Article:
Illustrator William Stout's Legends of the Blues - exclusive excerpt

I've admired the illustration work of William Stout for decades. He did a few underground comics stories in the '70s and the quality of his work was stunning. He's also illustrated a number of dinosaur books that are beautiful. I think he mainly does concept work for movies now. I could go on an on about how much I love Stout's detailed pen-and-ink work and pleasing watercolors, but I'd rather let you see it for yourself.

Abrams ComicArts has just released Legends of the Blues, a book that contains 100 portraits of blues artists, much in the vein of Robert Crumb's Heroes of the Blues series of books and cards. The book also includes a 14-track CD with recordings by Blind Willie McTell, Mississippi Fred McDowell, Bukka White, and others.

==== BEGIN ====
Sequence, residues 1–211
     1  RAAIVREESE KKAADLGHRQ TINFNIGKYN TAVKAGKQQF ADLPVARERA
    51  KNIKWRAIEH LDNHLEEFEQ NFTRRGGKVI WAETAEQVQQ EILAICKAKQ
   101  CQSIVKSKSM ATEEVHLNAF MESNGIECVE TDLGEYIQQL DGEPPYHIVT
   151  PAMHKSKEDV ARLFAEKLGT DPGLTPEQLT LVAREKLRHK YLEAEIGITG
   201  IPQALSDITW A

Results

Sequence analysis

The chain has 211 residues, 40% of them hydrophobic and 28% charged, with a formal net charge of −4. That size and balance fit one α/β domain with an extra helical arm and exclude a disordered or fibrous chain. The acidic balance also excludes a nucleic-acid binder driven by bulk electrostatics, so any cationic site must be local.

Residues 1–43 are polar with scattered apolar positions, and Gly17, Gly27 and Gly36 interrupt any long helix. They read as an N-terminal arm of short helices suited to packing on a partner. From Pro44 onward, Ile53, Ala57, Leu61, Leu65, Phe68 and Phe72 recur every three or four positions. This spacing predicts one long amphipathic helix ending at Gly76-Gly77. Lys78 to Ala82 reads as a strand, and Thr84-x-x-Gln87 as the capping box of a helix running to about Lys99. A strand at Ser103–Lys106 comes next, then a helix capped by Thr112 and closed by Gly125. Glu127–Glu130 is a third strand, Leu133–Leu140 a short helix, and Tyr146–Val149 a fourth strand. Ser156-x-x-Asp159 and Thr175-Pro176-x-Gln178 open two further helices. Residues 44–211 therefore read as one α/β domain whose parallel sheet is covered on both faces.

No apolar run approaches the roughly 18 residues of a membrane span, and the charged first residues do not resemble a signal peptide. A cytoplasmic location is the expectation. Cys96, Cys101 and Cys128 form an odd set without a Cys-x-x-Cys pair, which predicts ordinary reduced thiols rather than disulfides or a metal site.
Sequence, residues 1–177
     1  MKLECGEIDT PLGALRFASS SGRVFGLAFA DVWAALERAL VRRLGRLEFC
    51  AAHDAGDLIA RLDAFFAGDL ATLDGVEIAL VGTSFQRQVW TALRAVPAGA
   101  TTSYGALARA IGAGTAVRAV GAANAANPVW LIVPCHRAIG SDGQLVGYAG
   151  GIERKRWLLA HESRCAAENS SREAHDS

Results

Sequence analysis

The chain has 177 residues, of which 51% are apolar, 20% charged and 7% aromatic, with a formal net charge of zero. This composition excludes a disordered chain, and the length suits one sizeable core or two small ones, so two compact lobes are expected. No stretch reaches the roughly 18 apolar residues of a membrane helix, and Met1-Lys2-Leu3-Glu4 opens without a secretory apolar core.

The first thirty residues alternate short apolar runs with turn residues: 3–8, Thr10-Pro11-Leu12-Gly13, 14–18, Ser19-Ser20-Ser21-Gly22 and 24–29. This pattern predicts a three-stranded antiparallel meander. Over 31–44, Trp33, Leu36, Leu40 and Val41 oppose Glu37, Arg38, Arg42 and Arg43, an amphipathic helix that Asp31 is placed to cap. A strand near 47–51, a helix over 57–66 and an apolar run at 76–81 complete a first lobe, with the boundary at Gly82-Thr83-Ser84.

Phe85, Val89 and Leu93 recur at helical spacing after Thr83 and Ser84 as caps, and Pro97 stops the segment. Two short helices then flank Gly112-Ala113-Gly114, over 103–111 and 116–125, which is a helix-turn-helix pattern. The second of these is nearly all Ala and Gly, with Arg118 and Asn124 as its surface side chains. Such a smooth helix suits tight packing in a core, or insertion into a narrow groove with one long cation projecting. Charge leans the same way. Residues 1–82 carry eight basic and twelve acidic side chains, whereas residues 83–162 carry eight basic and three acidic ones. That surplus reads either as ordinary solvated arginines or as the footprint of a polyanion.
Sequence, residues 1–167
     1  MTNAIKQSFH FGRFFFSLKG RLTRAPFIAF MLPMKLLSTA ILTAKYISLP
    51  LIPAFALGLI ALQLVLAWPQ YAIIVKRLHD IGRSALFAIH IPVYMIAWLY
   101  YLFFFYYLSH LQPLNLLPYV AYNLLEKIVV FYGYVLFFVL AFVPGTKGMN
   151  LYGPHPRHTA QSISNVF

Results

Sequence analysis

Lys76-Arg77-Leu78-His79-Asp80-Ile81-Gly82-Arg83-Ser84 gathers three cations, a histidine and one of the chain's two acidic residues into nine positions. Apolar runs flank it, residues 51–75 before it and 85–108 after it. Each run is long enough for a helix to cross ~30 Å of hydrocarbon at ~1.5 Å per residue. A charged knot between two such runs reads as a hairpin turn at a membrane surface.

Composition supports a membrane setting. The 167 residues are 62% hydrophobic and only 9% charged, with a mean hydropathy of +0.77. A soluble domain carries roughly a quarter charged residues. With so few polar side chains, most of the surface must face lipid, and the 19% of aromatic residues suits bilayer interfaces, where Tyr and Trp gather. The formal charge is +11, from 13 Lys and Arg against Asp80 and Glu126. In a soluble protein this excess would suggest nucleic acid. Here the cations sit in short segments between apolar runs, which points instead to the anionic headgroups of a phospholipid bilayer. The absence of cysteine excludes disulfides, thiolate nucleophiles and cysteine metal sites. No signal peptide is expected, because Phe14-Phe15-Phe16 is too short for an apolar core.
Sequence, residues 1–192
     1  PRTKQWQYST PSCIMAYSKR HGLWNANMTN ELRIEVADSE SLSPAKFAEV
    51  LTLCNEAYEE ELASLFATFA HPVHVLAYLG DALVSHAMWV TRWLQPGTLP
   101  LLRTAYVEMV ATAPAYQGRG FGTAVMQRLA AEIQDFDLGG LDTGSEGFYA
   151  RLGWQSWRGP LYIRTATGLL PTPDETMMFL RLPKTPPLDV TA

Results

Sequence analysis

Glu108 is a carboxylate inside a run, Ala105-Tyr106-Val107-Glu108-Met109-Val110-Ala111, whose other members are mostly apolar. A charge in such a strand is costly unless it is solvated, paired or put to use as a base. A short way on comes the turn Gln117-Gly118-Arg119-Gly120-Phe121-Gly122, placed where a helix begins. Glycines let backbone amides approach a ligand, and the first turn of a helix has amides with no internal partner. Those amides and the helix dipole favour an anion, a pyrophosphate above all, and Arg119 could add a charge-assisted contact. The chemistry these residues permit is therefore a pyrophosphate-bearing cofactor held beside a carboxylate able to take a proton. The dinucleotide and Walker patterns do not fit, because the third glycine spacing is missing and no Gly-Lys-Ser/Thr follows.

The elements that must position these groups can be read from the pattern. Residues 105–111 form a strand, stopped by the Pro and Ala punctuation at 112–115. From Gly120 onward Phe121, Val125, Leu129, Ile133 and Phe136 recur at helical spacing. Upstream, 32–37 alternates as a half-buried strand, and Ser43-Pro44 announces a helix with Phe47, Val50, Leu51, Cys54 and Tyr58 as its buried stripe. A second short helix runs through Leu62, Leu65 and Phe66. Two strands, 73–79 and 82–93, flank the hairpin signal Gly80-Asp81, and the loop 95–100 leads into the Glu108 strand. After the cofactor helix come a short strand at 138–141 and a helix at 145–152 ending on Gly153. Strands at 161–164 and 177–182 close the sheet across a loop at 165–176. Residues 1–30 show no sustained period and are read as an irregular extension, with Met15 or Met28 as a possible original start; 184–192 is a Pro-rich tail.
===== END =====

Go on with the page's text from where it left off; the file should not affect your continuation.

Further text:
In selecting the artists to illustrate, Stout chose musicians that shared three things in common:

1. I love and am passionate about their music.

2. Except for Skip James and Blind Willie Johnson, two bluesman I just couldn't bear to leave out, none of the artists appear in R. Crumb's Heroes of the Blues series.

3. All the performers in this book were born before 1930.

Each portrait includes an entertaining biographical sketch, written by Stout. Below, nine portraits from Legends of the Blues. (Click for enlargement.)
Legends of the Blues


  1. That’s really kind of a knock-off of Crumb.  It’s the same idea, done in the same style, with the name at the bottom and everything.  Even the title is almost identical.

    I’m all for people doing tributes to blues musicians, but they should find their own voice and style and create something new.

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